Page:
Track 1-02

Description

Flowering plants can reproduce sexually (outcrossing and/or selfing) and/or asexually. Sexual reproduction implies the successful completion of meiosis and double fertilisation for the formation of both the embryo and the endosperm. In contrast, gametophytic apomixis is an asexual mode of reproduction through seeds that involves parthenogenetic embryo development from a cytologically unreduced egg cell (2n). Apospory is the process by which unreduced gametophytes are formed after a series of mitotic divisions of somatic cells (2n) in the ovary. This occurs independently from the sexual meiotic process; and therefore, both sexual and apomictic pathways may coexist simultaneously. Apospory is inherited in bahiagrass (Paspalum notatum) as a single dominant Mendelian factor with distorted segregation (Martínez et al. 2001), and its degree of expression was reported to vary throughout the flowering season in P. cromyorrhizon, a close relative of bahiagrass (Quarin 1986). Bahiagrass is a perennial warm-season grass widely used for forage and utility turf in the south-eastern US due to its persistence in sandy, infertile soils. Diploid races reproduce sexually and are highly self-incompatible (Acuña et al. 2007), while polyploids are classified as pseudogamous apomicts (pollination is required) (Quarin 1999). Sexual tetraploid genotypes have been experimentally created (Quesenberry and Smith 2003; Quesenberry et al. 2010) and successfully used in crosses (Acuña et al. 2009). Cytoembryological analysis has been used to determine the mode of reproduction in bahiagrass (Martínez et al. 2001; Acuña et al. 2007). At anthesis, sexual plants produce spikelets having only a single Polygonum type meiotic embryo sac (SES), characterised by bearing the egg apparatus close to the micropyla, a large binucleated central cell and a group of antipodal cells at the chalazal end (Figure 1a). Highly apomictic plants produce ovules having single or multiple aposporous embryo sacs (AES), which present the egg apparatus and a central cell with 2 polar nuclei, and no antipodal cells (Figure 1b). Some tetraploid bahiagrass races are also able to produce ovules that have the sexual meiotic megasporocyte together with one or more aposporous sacs (AES+SES), and these plants are classified as facultative apomictic.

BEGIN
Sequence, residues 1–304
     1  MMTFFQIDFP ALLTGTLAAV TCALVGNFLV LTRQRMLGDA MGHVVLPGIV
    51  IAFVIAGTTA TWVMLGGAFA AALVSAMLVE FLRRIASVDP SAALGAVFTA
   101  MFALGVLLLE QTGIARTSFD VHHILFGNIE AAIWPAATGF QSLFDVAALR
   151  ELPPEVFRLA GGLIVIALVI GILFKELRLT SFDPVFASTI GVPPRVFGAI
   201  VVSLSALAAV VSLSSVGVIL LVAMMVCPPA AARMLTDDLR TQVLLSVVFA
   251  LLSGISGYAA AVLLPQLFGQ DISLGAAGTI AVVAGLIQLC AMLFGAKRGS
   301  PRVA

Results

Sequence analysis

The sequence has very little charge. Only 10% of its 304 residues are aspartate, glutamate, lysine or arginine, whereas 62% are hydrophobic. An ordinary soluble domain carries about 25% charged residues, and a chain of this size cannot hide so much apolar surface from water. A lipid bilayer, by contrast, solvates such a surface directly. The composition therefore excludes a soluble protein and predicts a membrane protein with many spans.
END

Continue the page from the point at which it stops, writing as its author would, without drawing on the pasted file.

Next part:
The objective of this study was to characterise the reproductive mode of 5 wild dwarf bahiagrasses, a highly apomictic hybrid (Acuña et al. 2009) and the cultivar ‘Argentine’ at different times during the flowering season and under different nitrogen (N) fertiliser rates.

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Seasonal Expression of Apospory in Bahiagrass

Flowering plants can reproduce sexually (outcrossing and/or selfing) and/or asexually. Sexual reproduction implies the successful completion of meiosis and double fertilisation for the formation of both the embryo and the endosperm. In contrast, gametophytic apomixis is an asexual mode of reproduction through seeds that involves parthenogenetic embryo development from a cytologically unreduced egg cell (2n). Apospory is the process by which unreduced gametophytes are formed after a series of mitotic divisions of somatic cells (2n) in the ovary. This occurs independently from the sexual meiotic process; and therefore, both sexual and apomictic pathways may coexist simultaneously. Apospory is inherited in bahiagrass (Paspalum notatum) as a single dominant Mendelian factor with distorted segregation (Martínez et al. 2001), and its degree of expression was reported to vary throughout the flowering season in P. cromyorrhizon, a close relative of bahiagrass (Quarin 1986). Bahiagrass is a perennial warm-season grass widely used for forage and utility turf in the south-eastern US due to its persistence in sandy, infertile soils. Diploid races reproduce sexually and are highly self-incompatible (Acuña et al. 2007), while polyploids are classified as pseudogamous apomicts (pollination is required) (Quarin 1999). Sexual tetraploid genotypes have been experimentally created (Quesenberry and Smith 2003; Quesenberry et al. 2010) and successfully used in crosses (Acuña et al. 2009). Cytoembryological analysis has been used to determine the mode of reproduction in bahiagrass (Martínez et al. 2001; Acuña et al. 2007). At anthesis, sexual plants produce spikelets having only a single Polygonum type meiotic embryo sac (SES), characterised by bearing the egg apparatus close to the micropyla, a large binucleated central cell and a group of antipodal cells at the chalazal end (Figure 1a). Highly apomictic plants produce ovules having single or multiple aposporous embryo sacs (AES), which present the egg apparatus and a central cell with 2 polar nuclei, and no antipodal cells (Figure 1b). Some tetraploid bahiagrass races are also able to produce ovules that have the sexual meiotic megasporocyte together with one or more aposporous sacs (AES+SES), and these plants are classified as facultative apomictic.

The objective of this study was to characterise the reproductive mode of 5 wild dwarf bahiagrasses, a highly apomictic hybrid (Acuña et al. 2009) and the cultivar ‘Argentine’ at different times during the flowering season and under different nitrogen (N) fertiliser rates.